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8 SUVs you’ve probably never even heard of

Yes, there’s a world beyond Fortuners and Montero Sports

With Nissan expected to enter the midsize-SUV fray in our market, we thought it would be nice to have a look at the lesser-known manufacturers of sport-utility vehicles out there. How many of the following eight SUVs have you honestly heard of? Now would be a good time to test your car knowledge.

The Force Gurkha from India. PHOTOS FROM FORCE

1. Force Gurkha. Built in India and named after the famous Gurkhas—exceptionally brave and strong soldiers of Nepali nationality who have served with distinction in various armies around the globe—this vehicle has been around since 2008. While it is available in a civilian version, the Gurkha was originally marketed to the military and is designed to handle rough terrain, although with only 85 diesel horses under the hood, it will be more of a slow invasion than a blitzkrieg.

The Borgward BX7 from Germany by way of China. PHOTOS FROM BORGWARD

2. Borgward BX7. Ask an old German dude about the name Borgward and he will immediately remember the Isabella, a sexy-looking coupe that turned heads on the roads of Germany in the 1950s. Hamburg-born Carl F. W. Borgward had landed a real winner with that car and it would prove to be his most popular model ever. Unfortunately, it was also one of his last, as the company closed down in 1961. It would take 50 years until his grandson Christian Borgward managed to revive the marque with the help of Chinese investors. The first model from the relaunched Borgward brand is the BX7, which was developed with help from Chinese truck manufacturer Foton and is also being built at the latter’s Beijing plant. The vehicle comes with a turbocharged 2.0-liter in-line-four engine producing 225hp, and has been on sale in China since July 2016.

The Changan CS15 from China. PHOTOS FROM CHANGAN

3. Changan CS15. Chinese state-owned carmaker Changan Automobile churns out millions of vehicles a year, but we bet you’ve never seen one of its SUVs in the metal. The CS15 comes with a 1.5-liter four-cylinder engine (105hp and 138Nm), four airbags and a sunroof. When the company isn’t building its own cars, it’s usually busy operating joint ventures with Mazda, Ford and Suzuki.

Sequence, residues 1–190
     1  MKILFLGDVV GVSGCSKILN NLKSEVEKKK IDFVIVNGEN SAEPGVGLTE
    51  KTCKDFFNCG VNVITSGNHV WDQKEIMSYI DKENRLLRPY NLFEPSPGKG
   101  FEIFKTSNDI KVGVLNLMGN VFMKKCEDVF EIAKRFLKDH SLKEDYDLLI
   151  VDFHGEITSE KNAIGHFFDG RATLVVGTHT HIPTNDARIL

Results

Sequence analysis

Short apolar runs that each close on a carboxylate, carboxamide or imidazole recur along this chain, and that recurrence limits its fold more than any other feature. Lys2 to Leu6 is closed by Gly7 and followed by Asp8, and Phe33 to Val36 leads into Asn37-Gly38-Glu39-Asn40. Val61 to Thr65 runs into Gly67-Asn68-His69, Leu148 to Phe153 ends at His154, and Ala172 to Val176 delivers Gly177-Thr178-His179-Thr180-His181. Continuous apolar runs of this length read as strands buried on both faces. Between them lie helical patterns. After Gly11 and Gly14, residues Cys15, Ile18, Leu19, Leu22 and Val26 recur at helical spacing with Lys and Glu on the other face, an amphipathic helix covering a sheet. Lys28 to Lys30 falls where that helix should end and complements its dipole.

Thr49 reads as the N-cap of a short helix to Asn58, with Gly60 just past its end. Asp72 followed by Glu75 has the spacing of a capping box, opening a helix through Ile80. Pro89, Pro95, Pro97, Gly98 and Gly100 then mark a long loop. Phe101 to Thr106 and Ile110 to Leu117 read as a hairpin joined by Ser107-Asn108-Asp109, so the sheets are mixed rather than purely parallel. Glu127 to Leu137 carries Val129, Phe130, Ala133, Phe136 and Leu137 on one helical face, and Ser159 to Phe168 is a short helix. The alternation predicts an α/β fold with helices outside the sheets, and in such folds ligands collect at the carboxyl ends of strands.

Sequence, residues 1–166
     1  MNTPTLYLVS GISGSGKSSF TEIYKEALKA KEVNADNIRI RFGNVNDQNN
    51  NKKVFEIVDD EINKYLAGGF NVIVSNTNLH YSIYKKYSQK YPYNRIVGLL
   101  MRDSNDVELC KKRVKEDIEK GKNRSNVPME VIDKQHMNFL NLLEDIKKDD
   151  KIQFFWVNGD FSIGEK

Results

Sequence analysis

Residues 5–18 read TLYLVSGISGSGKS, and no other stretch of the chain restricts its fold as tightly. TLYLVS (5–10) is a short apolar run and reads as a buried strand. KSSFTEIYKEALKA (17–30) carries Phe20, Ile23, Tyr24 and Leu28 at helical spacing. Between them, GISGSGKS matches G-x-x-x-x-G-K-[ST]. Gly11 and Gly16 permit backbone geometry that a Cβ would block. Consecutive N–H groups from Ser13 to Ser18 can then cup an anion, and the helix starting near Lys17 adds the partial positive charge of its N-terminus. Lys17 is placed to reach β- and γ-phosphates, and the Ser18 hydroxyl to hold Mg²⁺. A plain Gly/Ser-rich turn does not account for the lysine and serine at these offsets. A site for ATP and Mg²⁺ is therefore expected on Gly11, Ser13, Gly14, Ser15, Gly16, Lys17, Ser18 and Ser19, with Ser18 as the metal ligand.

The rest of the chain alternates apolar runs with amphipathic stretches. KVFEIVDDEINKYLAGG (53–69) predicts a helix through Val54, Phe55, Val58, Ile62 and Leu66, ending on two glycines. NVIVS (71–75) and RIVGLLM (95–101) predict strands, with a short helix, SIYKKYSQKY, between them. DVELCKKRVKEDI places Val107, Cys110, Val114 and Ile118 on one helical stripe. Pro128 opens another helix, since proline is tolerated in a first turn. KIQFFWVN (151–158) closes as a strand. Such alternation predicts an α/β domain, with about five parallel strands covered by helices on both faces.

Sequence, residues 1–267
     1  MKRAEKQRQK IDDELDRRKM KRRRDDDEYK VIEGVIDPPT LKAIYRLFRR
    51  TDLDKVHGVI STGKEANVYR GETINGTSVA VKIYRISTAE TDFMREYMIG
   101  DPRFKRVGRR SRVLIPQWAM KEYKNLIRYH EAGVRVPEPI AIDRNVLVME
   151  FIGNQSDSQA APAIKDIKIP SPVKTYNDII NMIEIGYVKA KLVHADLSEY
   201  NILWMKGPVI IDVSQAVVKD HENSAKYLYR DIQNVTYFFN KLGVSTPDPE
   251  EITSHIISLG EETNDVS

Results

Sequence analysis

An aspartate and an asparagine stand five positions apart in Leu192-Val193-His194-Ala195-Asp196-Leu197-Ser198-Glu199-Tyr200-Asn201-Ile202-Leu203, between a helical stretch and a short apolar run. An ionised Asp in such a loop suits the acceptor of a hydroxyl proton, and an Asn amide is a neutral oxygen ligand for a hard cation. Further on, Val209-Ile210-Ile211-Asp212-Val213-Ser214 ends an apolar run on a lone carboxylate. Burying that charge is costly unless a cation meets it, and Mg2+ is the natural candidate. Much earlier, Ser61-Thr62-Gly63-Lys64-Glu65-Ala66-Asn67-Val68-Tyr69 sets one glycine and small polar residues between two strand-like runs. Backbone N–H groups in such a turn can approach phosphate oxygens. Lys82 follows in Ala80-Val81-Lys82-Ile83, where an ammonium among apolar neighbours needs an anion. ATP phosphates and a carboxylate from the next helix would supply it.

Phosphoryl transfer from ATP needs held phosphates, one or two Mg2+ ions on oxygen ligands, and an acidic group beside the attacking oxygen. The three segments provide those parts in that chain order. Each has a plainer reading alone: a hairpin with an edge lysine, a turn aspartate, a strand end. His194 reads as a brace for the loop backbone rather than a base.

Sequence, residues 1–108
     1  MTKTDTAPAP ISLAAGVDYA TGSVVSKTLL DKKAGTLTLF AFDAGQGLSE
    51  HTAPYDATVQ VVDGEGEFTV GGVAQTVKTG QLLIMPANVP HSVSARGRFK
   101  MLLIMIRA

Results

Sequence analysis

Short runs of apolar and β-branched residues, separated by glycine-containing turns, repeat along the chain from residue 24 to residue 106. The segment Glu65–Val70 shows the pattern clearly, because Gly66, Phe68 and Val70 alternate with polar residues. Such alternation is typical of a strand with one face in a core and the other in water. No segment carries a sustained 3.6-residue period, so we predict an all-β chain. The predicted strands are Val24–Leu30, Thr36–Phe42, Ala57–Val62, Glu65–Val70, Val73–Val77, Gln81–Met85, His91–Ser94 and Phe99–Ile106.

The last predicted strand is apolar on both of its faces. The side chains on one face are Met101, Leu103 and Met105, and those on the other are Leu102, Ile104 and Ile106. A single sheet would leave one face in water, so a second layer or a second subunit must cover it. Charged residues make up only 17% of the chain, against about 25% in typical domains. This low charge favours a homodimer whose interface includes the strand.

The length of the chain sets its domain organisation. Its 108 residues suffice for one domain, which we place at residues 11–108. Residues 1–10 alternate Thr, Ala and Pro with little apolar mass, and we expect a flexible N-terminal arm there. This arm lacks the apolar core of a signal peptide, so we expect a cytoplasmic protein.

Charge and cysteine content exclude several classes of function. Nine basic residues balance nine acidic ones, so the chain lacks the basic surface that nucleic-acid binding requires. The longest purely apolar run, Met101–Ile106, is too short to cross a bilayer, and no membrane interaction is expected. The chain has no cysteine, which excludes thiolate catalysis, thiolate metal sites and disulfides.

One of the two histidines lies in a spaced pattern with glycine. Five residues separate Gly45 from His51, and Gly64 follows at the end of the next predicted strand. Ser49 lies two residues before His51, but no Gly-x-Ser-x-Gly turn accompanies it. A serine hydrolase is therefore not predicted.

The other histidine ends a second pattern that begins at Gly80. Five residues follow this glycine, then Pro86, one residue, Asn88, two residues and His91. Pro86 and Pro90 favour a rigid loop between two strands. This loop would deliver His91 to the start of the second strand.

The Opel Mokka X from Germany. PHOTOS FROM OPEL

4. Opel Mokka X. Opel is a household name in Germany and many other countries, including the UK where the brand is known as Vauxhall. It’s a bit of a meat-and-potato brand renowned for building affordable cars for the working and middle classes. The Mokka X is a tiny SUV that has proven to be a big hit for the brand. Built in the company’s factories in South Korea and Spain, this model has also made it to China, where it is known as the Buick Encore. Engines range from a 108hp EcoFlex unit to a 153hp 1.4-liter turbo.

The UAZ Hunter from Russia. PHOTOS FROM UAZ

5. UAZ Hunter. This is exactly how you imagine a car from Russia to be: sturdy, outdated but perfectly capable of getting the job done. The Hunter is based on the UAZ-469, a military off-road vehicle that once did duty in Eastern Bloc countries. Think of the Hunter as being to the Hummer H1 what the UAZ-469 was to the Humvee. It is currently available with either a 2.7-liter gasoline engine or a 2.2-liter diesel motor, a five-speed manual transmission, and a four-wheel drivetrain. Oh, in case you were wondering, UAZ stands for Ulyanovsky Avtomobilny Zavod, which is Russian for Ulyanovsk Automobile Plant.

The Mobius II from Kenya. PHOTOS FROM MOBIUS

6. Mobius II. Africa isn’t really a place you think about when it comes to car manufacture, but that didn’t stop British entrepreneur Joel Jackson from starting Mobius Motors in 2009. Basically, if the shape of a Range Rover is too round and the ride of a Defender is too soft for you, then the Mobius II might be to your liking. The robust 4×4 is designed for the rough roads of Kenya, and comes with a four-cylinder engine that delivers 131hp and 182Nm, a sealed solid rear axle, and a steel space frame mounted onto a longitudinal ladder chassis.

The Luxgen U6 from Taiwan. PHOTOS FROM LUXGEN

7. Luxgen U6. Chances are few people will have heard of Luxgen outside the company’s home market of Taiwan, but the U6 has actually been in production since 2013 and enjoys a reputation as being an affordable crossover SUV. The model is sold in two variants (GT and GT220) and comes with all sorts of goodies as standard equipment, including multiple augmented-reality camera modes that let you see your car from different angles while you drive. The U6 also looks quite tidy–more so if brand-conscious buyers can see past its provenance.

The GMC Terrain from the United States. PHOTOS FROM GMC

8. GMC Terrain. Our list wouldn’t be complete without at least one American sport-utility on it, and the Terrain fits the bill as one of the lesser-known SUVs from across the pond. Originally launched in 2010, the latest generation has just hit the streets and comes with an almost un-American choice of 1.5-, 1.6- and 2.0-liter engines and not a V8 in sight. The 2.0-liter block is the top-of-the-range version, and the 252hp it generates should be enough to haul passengers plus trailer to wherever they need to go in the Land of the Free.

Frank Schuengel

Frank is a German e-commerce executive who loves his wife, a Filipina, so much he decided to base himself in Manila. He has interesting thoughts on Philippine motoring. He writes the aptly named ‘Frankly’ column.